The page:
Midnight Mass is a traditional Mass widely observed on Christmas Eve. It is a time of celebration in the Christian calendar when the world prepares to celebrate the birth of Jesus. As such people gather from far and wide to ensure that they are there.
Recently a macabre series appeared on Netflix entitled Midnight Mass. In this horror thriller series, an island population is haunted by a mysterious being. It got me to thinking. As a tour guide you read so many facts that sometimes you detach yourself from the humanity of the people in the stories. It was only when I was guiding international visitors with a translator that I recalled the horrible sensation when I learned this story as a child.
On a hill outside of Ardglass is a picturesque, ruined church – Ardtole is its name. The tranquillity deceives today’s visitor of how the church came to be the way it is. Established from the time of Saint Patrick, this church was rebuilt in the 1300s. The reason being religious restructuring undertaken by the Normans. The bishop at that time lived outside of Downpatrick and this was one of six churches that lined the route to his palace.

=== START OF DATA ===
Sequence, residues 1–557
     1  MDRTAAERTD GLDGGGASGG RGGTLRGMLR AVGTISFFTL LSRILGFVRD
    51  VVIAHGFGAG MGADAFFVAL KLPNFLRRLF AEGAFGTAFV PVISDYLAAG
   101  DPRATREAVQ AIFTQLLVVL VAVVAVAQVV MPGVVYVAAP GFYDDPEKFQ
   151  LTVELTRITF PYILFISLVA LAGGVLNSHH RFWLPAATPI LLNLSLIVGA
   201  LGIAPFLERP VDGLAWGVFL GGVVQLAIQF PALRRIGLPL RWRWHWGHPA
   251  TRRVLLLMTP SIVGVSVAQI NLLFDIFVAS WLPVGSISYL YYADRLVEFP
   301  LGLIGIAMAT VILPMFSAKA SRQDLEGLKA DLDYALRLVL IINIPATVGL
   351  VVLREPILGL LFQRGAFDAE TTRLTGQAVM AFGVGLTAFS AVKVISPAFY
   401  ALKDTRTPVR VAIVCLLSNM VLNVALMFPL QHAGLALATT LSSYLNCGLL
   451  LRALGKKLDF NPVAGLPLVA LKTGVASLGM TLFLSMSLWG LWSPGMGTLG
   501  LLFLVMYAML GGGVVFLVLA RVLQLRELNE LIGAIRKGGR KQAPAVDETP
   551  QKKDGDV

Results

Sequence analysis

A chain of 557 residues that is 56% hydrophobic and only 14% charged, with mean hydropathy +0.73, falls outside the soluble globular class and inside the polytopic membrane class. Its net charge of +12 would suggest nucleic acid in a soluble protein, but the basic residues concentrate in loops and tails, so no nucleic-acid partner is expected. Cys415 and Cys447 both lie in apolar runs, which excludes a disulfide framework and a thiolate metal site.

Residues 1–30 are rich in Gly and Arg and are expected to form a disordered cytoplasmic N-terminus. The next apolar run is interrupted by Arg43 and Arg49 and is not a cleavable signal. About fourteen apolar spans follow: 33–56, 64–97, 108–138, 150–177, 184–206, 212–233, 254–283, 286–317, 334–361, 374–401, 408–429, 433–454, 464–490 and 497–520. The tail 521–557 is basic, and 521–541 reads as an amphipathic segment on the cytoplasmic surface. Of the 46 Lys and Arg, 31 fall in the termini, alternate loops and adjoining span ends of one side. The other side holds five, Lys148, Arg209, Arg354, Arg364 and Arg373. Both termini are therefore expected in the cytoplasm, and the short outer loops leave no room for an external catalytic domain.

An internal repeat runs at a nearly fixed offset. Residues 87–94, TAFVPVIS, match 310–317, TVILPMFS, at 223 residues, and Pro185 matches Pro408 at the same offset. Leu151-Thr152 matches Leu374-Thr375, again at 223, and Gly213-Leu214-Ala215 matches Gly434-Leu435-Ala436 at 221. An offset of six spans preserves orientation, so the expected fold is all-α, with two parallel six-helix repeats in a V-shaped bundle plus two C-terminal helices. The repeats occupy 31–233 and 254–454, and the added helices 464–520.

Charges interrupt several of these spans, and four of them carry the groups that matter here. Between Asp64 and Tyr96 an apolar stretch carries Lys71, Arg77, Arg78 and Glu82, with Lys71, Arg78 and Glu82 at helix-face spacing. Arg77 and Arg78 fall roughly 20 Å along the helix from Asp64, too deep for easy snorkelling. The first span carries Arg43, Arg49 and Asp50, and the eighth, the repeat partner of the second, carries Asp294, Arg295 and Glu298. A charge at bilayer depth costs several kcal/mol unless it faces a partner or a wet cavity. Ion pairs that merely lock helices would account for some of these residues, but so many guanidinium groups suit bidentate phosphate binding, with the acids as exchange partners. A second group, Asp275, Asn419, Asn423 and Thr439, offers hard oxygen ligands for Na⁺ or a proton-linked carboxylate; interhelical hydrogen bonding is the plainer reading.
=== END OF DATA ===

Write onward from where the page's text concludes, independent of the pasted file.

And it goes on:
The congregation served by this church was a largely rural community engaged in agriculture. A dispute arose with the chief of the McCartan clan over the price of cattle. Cattle at the time were used as currency and had from time immemorial been treated as such. The burgesses of Ardglass found him drunk one evening, sleeping, and tied him to the briars by the wisps of his long beard. When he awoke, he had to cut himself free thereby losing his beard, the symbol of his social standing. Much like Samson when his hair was cut, he had to regain his authority. Thoroughly infuriated, he incited his clan to avenge the insult. They picked the one night when the people of Ardglass would be in one location, together in celebration.
They surrounded the church and nailed the door shut. They set fire to the roof and let it fall in around the assembled crowd. Hundreds perished in the flames and the site has remained abandoned ever since.
The first proper investigation into the ruins took place in 1914 under the guidance of Francis Joseph Bigger. Among the debris cleared of the floor he recovered the largest selection of the oldest stained glass ever found in Ireland, a carved bishop's hand, a key, and to bring home the devastating truth, a glass bead from the bracelet of one of the parishioners.